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ICC may probe current Israel-Gaza round of violence in war crimes investigation

Chief prosecutor Bensouda says court could look at ‘evolution of these events’ as part of ongoing probe of 2014 fighting and subsequent incidents

ICC prosecutor Fatou Bensouda is seen through a plexiglass lectern in the court room of the International Criminal Court, in The Hague, Netherlands, September 29, 2015. (AP Photo/Peter Dejong, Pool)
ICC prosecutor Fatou Bensouda is seen through a plexiglass lectern in the court room of the International Criminal Court, in The Hague, Netherlands, September 29, 2015. (AP Photo/Peter Dejong, Pool)

The International Criminal Court’s chief prosecutor Fatou Bensouda has said the court may look into the current fighting between Israel and Gaza as part of its current probe into alleged war crimes in the region, the Reuters news agency reported Thursday.

“These are events that we are looking at very seriously,” Bensouda said, adding that “we are monitoring very closely and I remind that an investigation has opened and the evolution of these events could also be something we look at.”

Since Monday, Gaza terror groups have fired some 2,000 rockets and mortars toward Israel. The Israeli military in turn has struck hundreds of sites in the coastal enclave, as Prime Minister Benjamin Netanyahu vowed to exact a “very heavy price” from Hamas, the Gaza-ruling terror group.

With the IDF carrying out multiple airstrikes on terror targets in the Gaza Strip, the Hamas-run Gaza health ministry has said 119 Palestinians have died in the fighting, 27 of whom it says were children.

Israel maintains that most of those killed in Gaza were terror group members or, in a few cases, died from errant Palestinian rockets that landed inside the Strip.

An IDF artillery unit fires toward the Gaza Strip near the Israel-Gaza border in Southern Israel, May 13, 2021. (Gili Yaari /Flash90)

The death toll in Israel since the fighting started reached nine, including an 87-year-old woman who slipped and fell while sirens warned of rockets fired by terrorists in the Gaza Strip.

In January, Israeli officials had blasted the court over its intention to hold an investigation, with Netanyahu slamming the ICC’s “outrageous” decision during a speech for Holocaust Remembrance Day.

“The Jewish people were defenseless in the face of the Nazis but are no longer so, and have every right to defend themselves from their enemies,” he said.

The ICC, he noted, was formed in the image of the courts of the Nuremberg trials that brought Nazis to justice. But “from Nuremberg to The Hague things were turned upside down. A body formed to defend human rights has become a body that in actuality defends those who trample on human rights.”

Bensouda announced on March 3 that she was opening an investigation into actions committed by Israel and the Palestinians in the West Bank, Gaza, and East Jerusalem since June 13, 2014. The announcement of the investigation came less than a month after the court ruled it had the jurisdiction to open a probe. A preliminary investigation to settle the justiciable question took more than five years.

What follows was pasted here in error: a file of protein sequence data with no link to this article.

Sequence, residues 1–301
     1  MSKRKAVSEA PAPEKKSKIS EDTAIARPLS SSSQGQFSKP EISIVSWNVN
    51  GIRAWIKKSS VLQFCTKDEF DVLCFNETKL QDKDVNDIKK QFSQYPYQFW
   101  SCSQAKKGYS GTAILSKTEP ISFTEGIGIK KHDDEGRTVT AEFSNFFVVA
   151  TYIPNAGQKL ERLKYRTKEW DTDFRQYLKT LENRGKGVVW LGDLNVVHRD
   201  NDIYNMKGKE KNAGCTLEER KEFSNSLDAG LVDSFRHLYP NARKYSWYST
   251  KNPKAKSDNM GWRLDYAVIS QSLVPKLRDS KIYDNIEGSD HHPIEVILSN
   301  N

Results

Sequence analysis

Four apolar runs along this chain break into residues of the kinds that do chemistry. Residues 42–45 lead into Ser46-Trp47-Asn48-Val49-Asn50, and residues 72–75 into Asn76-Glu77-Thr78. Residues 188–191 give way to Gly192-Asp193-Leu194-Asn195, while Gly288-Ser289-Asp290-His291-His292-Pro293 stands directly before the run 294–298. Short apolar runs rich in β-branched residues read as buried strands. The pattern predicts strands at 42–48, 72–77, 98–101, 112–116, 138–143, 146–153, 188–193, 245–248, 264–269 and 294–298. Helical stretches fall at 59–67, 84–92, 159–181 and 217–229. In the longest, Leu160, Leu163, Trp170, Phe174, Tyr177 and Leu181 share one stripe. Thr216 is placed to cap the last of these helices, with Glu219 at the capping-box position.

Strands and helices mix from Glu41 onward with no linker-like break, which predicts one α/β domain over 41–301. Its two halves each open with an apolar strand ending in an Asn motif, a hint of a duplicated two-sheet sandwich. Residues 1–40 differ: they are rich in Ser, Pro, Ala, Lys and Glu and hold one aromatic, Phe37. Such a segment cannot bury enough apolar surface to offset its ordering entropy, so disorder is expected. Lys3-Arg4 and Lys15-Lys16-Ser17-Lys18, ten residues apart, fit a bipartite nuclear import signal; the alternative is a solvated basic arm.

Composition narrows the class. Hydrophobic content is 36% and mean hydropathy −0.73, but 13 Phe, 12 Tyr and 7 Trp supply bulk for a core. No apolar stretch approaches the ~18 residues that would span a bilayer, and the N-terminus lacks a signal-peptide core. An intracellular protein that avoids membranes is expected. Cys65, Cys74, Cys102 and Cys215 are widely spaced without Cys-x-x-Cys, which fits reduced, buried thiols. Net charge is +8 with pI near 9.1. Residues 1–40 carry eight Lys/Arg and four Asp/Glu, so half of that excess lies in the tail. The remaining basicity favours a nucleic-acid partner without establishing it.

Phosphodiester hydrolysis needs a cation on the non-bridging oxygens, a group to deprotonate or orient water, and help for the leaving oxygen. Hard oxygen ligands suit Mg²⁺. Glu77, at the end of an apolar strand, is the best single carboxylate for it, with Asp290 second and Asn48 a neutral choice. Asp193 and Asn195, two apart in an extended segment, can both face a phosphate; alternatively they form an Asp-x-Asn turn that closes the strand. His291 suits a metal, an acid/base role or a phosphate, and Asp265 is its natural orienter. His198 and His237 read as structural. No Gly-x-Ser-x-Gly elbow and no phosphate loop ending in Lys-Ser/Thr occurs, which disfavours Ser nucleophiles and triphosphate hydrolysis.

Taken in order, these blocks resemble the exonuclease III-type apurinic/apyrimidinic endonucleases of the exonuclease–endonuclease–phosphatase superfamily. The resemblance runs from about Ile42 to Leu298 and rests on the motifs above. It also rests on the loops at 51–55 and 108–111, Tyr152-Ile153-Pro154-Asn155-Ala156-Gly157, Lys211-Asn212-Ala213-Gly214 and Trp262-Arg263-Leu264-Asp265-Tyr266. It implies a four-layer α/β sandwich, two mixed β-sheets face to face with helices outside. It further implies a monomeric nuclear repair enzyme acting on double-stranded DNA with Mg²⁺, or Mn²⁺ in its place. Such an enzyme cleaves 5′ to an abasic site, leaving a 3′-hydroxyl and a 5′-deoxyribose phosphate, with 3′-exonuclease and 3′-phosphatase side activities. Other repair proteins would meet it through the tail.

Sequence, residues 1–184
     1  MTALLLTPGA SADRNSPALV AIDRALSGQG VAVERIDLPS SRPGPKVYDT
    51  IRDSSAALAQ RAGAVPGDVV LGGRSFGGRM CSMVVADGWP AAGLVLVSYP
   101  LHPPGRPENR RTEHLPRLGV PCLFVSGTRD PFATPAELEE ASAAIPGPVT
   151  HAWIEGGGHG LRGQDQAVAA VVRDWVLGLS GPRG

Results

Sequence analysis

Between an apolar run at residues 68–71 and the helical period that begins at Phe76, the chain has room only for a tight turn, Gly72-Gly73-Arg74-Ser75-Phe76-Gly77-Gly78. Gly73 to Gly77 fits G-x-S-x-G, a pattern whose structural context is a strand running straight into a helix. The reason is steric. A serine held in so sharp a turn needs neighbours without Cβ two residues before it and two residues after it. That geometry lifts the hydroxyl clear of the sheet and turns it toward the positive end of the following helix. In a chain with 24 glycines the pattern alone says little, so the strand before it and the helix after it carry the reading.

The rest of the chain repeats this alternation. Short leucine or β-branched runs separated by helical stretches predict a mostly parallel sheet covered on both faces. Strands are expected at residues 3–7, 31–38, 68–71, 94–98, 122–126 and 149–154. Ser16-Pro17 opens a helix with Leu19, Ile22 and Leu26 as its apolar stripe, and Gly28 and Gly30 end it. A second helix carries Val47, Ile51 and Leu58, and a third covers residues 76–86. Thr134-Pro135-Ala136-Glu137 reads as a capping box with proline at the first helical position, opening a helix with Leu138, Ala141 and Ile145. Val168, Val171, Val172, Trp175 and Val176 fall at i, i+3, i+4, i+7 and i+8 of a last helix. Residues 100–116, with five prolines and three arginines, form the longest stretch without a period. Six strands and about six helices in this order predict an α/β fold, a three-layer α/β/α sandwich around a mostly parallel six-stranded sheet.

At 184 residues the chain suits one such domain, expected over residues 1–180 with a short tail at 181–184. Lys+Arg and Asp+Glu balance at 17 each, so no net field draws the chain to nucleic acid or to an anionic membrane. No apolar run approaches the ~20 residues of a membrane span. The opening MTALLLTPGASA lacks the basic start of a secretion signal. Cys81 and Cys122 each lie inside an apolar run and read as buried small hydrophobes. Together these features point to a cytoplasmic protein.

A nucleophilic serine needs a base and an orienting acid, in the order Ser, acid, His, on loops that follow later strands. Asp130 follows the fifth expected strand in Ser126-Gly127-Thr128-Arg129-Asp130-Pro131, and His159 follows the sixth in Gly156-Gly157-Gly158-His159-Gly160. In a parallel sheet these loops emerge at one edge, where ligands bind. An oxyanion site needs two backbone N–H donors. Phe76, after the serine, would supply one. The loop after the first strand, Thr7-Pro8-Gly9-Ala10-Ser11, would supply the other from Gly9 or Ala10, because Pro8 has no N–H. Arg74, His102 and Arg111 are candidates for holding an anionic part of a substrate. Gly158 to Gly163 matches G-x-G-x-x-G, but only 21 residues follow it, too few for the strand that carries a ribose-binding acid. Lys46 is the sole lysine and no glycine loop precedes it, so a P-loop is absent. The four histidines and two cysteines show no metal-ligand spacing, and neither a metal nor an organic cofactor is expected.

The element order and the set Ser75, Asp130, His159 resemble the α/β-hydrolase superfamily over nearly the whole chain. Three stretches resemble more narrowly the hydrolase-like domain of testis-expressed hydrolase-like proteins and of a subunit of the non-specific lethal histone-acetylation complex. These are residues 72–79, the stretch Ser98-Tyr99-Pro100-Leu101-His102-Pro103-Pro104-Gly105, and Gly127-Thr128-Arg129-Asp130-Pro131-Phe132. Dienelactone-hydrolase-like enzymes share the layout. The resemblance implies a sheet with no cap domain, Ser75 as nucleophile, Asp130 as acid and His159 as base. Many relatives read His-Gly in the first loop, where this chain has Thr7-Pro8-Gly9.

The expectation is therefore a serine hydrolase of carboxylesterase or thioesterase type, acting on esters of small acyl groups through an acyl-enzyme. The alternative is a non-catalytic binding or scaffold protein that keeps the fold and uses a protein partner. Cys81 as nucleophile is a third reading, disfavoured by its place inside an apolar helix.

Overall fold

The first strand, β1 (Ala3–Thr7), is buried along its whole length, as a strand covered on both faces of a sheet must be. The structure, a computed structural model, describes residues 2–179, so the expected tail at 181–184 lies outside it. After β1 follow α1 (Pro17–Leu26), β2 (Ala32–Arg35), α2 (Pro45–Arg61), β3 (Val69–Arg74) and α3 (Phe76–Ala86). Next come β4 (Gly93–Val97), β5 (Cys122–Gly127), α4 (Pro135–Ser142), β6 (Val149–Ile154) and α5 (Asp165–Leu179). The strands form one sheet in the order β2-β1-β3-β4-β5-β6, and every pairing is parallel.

The ICC announcement followed a request by the Palestinians, who joined the court in 2015 after being granted non-member observer status in the United Nations General Assembly.

Rescuers and people gather amidst the rubble in front of al-Shourouk tower that collapsed after being hit by an Israeli air strike, in Gaza City, on May 12, 2021 (Mohammed ABED / AFP)

Israel has fiercely condemned the investigation, accusing the ICC of bias, noting that it is demonstrably capable of investigating any alleged Israel Defense Forces crimes through its own legal hierarchies, and saying the ICC has no jurisdiction since the Palestinians do not have a state. Israel is not a member of the ICC, but its citizens could be subject to arrest abroad if warrants are issued.

The ICC probe was previously expected to focus on three main areas: the 2014 war between Israel and Hamas; Israeli settlement policy; and the 2018 Great March of Return protests, a series of violent demonstrations along Gaza’s border with Israel that left dozens of Palestinians dead.

The probe will also look at terrorist rocket fire from Gaza at civilian areas in Israel.

Israeli observers noted the significance of the timing of the investigation’s span: On June 12, 2014, Hamas terrorists kidnapped and murdered three Israeli teenagers in the Gush Etzion area of the West Bank. Bensouda’s investigation — based on the request submitted by the so-called State of Palestine — is set to focus on events beginning from the following day.

The brutal terror attack, which horrified Israelis and drew international condemnation, was a pivotal moment in the lead-up to the fighting in Gaza later that summer. With the investigation set to consider events beginning on June 13, 2014, the crime could be excluded from the court’s investigation.

People gather for a vigil for the three missing Israeli teens outside of the Israeli Consulate on June 16, 2014 in New York City. (Spencer Platt/Getty Images/AFP)

Bensouda is to be replaced as prosecutor in June by British lawmaker Karim Khan. Israel reportedly hopes Khan may be less hostile or even cancel the probe.

In April, the Biden administration lifted sanctions and a visa ban on Bensouda and another senior court official, which former US president Donald Trump imposed last year after she launched an investigation into alleged war crimes by US military personnel in Afghanistan.

The new administration has continued to oppose the Afghan probe, as well as the investigation into alleged war crimes in the Palestinian territories by Israel and Palestinian terror groups. The US, like Israel, is not a member of the ICC.

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